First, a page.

This talk was given at LeadDev Berlin on 4th Dec 2023.
Watch the video [BEHIND A PAYWALL]
The best engineering leaders know that you can have both speed and quality when developing software. Indeed, the only way to keep up the pace of delivery is to build high quality software. Everybody wins.
However, all too often, it can feel like you are not in control of the quality of your code. You can feel like your team doesn’t have time to develop high quality code. You can feel like you are forced to make a trade off between the quality of code and speed of development. And when you do you typically end up with neither.
How do you take back control of your code quality? How do you get your team and stakeholders to believe that this will enable you to develop faster? What practices do you need to put in place to make this true>
In this talk I illustrate the dynamics between team members and with stakeholders that lead teams to lose control of code quality.
And I share a set of practices and techniques that you can take away and use to support your team to take control of their code quality, deliver rapidly and keep stakeholders on your side.
Wow, it’s amazing. There’s so many of you. How exciting.
I’ve been leading software development teams for over two decades and I work as a CTO coach and advisor and so I’ve worked with many, many engineering teams over the years.
And all too often I find that the engineering team ends up in a tug of war against the rest of the company. You have engineering and they’re pulling really hard in one direction. They’re saying, we must slow down. We must focus on our code quality. We must keep our development sustainable. And on the other side, you’ve got product, marketing, design, um, sales, all pulling, going, we must go faster. We must make the company a success. And loads of effort and energy goes into this tug of war.
Both sides feel like they need to defend themselves, like their expertise is not being respected, like they’re not being supported. Neither engineering nor the other disciplines feel like they’re being listened to. And yet we’re all trying to make this a success.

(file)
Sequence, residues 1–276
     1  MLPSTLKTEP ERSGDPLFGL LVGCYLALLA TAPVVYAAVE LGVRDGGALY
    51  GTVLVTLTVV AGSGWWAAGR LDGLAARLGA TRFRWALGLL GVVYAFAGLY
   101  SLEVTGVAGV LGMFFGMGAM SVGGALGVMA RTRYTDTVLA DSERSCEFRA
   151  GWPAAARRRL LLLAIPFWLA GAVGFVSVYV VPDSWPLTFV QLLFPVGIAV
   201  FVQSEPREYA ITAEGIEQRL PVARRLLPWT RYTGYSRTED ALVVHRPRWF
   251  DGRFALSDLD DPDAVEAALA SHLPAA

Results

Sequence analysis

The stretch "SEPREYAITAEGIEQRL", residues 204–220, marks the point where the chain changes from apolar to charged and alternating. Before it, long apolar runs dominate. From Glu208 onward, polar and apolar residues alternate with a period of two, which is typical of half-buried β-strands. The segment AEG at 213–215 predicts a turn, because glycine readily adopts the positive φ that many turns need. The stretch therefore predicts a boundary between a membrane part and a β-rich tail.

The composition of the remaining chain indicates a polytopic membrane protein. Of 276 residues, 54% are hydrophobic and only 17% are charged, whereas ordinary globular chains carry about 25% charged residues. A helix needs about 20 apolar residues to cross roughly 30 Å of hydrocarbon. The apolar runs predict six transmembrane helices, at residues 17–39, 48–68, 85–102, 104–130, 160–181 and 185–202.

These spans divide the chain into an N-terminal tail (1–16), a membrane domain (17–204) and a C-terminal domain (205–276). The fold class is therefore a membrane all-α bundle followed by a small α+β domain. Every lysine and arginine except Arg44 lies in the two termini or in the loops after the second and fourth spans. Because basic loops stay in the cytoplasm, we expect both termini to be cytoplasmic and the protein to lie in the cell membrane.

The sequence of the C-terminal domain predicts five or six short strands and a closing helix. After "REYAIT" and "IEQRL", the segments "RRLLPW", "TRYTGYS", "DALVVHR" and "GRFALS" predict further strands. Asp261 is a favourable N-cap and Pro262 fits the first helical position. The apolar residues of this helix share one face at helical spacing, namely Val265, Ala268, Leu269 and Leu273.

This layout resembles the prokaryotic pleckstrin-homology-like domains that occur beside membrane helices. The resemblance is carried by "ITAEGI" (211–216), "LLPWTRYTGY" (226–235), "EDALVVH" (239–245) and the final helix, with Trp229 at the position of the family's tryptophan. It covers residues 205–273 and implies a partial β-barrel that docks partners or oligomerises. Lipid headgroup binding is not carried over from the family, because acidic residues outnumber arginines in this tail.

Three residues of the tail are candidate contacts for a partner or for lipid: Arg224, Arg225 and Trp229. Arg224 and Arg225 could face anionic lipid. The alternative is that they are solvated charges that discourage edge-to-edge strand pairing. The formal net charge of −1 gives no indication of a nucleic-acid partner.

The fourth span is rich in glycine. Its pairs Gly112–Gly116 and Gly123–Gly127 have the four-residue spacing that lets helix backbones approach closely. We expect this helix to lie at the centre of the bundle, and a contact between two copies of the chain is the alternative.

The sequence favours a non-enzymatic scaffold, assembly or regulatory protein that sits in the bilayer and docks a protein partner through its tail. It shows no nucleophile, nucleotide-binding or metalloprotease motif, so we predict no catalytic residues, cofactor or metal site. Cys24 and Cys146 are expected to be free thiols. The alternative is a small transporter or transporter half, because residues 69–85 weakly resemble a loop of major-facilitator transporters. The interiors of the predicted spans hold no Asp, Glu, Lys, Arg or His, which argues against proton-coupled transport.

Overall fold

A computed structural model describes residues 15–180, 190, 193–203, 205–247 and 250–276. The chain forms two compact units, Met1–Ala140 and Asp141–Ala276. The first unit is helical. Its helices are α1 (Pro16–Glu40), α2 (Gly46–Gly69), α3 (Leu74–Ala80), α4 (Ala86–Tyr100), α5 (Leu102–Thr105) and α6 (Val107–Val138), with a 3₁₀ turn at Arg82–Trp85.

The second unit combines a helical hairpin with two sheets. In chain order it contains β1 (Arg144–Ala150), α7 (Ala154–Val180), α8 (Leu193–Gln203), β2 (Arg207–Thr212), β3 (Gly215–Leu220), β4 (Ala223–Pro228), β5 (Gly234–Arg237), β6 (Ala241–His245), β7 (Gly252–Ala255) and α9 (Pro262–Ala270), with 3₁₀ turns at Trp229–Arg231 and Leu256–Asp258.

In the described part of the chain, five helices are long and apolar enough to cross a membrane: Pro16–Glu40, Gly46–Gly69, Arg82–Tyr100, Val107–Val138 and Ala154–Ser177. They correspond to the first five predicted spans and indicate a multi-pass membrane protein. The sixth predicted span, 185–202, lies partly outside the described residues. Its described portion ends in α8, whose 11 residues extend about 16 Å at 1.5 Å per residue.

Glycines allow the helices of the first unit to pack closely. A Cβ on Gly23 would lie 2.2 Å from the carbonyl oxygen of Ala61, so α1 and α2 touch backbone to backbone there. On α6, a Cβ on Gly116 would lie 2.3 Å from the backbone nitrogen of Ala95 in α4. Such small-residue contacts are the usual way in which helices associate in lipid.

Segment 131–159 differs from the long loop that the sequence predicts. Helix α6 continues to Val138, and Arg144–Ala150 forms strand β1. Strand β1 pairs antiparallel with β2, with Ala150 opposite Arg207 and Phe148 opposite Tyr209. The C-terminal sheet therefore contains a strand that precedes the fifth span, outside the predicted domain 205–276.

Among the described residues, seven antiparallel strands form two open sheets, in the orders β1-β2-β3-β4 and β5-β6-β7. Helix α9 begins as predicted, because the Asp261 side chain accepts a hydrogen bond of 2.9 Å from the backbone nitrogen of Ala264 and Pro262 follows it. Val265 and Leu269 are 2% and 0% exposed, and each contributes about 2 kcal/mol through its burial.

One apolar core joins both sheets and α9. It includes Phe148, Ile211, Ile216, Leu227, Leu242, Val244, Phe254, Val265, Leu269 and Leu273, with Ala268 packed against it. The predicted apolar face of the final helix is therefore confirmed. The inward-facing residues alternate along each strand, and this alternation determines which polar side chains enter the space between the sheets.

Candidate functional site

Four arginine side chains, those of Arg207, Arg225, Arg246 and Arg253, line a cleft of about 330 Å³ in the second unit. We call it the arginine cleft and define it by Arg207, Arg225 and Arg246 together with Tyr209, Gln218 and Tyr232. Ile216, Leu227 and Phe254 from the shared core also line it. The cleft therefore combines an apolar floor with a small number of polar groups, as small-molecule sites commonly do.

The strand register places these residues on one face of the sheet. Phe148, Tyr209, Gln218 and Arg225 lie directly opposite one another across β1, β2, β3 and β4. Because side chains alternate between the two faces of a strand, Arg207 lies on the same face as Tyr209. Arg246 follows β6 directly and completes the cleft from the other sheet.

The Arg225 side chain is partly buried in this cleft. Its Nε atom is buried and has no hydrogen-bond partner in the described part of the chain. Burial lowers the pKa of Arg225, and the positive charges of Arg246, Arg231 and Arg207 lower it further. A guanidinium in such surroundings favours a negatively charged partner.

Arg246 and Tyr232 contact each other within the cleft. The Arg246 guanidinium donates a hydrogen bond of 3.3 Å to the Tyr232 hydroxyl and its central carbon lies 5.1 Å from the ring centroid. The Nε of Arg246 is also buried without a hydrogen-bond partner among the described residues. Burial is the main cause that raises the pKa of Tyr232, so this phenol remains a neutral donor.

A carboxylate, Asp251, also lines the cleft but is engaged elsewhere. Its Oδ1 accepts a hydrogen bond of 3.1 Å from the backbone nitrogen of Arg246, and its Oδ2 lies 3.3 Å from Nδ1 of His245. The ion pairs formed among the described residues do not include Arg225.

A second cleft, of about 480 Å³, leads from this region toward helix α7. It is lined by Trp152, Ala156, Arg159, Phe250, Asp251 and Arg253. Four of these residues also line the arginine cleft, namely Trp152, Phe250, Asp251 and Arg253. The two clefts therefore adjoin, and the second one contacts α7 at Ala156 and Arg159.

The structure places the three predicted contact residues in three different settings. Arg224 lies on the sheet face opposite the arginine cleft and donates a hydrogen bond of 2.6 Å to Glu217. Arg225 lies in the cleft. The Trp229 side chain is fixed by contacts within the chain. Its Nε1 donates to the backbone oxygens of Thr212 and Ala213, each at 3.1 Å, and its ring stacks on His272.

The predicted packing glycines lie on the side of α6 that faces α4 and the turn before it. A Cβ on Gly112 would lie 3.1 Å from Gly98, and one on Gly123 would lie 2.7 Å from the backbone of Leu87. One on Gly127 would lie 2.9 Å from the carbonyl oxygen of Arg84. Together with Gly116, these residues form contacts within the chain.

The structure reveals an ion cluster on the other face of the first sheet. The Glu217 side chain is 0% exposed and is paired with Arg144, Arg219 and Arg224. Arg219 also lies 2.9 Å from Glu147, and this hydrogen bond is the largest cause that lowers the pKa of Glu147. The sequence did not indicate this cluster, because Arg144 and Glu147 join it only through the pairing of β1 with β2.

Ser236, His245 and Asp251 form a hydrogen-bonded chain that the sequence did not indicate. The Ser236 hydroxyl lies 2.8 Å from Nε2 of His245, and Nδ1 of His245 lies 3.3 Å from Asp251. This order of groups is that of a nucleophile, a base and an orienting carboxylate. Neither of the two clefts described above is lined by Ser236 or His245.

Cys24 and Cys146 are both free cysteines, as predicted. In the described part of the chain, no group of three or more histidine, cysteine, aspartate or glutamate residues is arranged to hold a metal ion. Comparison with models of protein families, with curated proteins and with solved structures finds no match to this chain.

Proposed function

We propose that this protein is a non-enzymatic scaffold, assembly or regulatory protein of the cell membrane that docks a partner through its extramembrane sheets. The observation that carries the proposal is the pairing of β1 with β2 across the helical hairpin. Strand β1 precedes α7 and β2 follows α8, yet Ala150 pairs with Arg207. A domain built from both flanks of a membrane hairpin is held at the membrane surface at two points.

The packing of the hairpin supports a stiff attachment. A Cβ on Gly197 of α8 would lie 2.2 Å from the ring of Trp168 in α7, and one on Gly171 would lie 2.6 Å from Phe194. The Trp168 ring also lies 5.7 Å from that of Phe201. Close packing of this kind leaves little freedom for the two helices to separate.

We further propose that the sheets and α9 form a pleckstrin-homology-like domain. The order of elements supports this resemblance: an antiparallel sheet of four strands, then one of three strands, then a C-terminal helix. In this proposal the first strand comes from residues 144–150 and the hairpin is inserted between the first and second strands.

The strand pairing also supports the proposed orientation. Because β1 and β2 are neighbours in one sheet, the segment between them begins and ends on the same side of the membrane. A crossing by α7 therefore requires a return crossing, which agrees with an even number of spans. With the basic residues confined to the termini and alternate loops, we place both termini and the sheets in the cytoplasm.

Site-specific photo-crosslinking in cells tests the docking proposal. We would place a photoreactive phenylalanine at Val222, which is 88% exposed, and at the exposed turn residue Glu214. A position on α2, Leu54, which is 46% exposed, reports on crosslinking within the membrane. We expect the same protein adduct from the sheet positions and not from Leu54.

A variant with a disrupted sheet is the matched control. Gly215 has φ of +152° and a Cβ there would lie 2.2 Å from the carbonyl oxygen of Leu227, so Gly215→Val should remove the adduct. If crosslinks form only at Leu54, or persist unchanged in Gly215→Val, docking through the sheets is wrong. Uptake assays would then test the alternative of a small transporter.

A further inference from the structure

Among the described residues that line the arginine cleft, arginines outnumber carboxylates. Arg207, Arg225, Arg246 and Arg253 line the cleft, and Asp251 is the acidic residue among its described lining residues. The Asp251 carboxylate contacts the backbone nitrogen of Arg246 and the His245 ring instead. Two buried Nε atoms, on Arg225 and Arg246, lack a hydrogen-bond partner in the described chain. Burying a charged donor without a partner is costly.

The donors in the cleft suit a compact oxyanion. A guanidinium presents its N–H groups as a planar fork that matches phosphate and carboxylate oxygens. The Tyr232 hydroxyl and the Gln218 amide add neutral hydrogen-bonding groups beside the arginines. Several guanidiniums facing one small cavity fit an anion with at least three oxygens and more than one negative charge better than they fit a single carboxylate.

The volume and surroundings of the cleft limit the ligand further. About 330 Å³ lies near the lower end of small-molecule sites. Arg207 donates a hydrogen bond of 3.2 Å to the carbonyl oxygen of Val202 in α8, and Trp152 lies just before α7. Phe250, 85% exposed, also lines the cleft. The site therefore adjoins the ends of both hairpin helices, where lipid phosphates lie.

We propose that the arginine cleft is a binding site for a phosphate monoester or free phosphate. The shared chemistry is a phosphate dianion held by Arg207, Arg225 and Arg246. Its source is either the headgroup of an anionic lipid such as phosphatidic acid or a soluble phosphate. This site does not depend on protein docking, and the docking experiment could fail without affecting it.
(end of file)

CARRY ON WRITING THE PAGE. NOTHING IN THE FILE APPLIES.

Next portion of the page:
This often results in code bases that are hard to change, where it’s really difficult to be productive and teams that are no fun to work in.
Our responsibility as engineering leaders is not just about bringing technical expertise to our companies. It’s about creating alignment and trust between our teams and the rest of the business so they can work together more effectively.
We need to find a way of stopping pulling against one another and feel like we’re working side by side on the same problem.
This is not easy. In this talk, I’m going to share some of the perspectives and practices that have helped me and the teams I’ve worked with build trust and bridge this gap.
High quality code is code that is easy to keep changing.
This is the definition of high quality code that keeps you aligned with the rest of the business. And I think it’s the only definition that matters.
It doesn’t matter if you have a microservices architecture or a monolith. It doesn’t matter if you’re using a functional programming language or an object orientated programming language. It doesn’t matter if you’ve got a hundred percent test coverage or not. It doesn’t matter if you’ve written your code to scale to a billion users, unless of course you have a billion users.
What matters is that your code is easy to keep changing.
I want to show you some made up graphs to help illustrate why this is so important.
The first made up graph is for a typical software development project.
With time along the horizontal axis and pace of delivery on the vertical axis.